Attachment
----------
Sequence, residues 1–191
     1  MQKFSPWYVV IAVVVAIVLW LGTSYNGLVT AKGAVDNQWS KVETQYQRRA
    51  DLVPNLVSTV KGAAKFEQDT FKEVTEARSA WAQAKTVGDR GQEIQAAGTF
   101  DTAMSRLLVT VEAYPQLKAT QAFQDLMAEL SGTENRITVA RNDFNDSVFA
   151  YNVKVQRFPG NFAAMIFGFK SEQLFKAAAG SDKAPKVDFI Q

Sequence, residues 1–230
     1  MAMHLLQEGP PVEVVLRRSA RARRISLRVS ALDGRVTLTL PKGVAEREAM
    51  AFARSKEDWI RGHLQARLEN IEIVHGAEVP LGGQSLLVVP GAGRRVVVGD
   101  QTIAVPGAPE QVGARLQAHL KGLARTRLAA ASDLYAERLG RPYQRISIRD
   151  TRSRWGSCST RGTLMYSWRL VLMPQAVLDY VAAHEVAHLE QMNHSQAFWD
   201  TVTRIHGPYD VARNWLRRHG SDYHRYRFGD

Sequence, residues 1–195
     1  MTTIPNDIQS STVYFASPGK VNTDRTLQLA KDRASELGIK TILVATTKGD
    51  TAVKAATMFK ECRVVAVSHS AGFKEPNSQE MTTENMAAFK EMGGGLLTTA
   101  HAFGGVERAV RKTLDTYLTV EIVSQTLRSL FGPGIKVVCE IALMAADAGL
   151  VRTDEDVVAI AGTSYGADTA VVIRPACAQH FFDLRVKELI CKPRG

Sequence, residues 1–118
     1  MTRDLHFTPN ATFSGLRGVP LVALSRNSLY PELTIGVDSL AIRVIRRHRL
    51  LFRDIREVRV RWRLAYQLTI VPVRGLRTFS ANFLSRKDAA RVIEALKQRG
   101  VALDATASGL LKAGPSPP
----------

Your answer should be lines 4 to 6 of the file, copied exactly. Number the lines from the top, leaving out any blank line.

   101  DTAMSRLLVT VEAYPQLKAT QAFQDLMAEL SGTENRITVA RNDFNDSVFA
   151  YNVKVQRFPG NFAAMIFGFK SEQLFKAAAG SDKAPKVDFI Q

Sequence, residues 1–230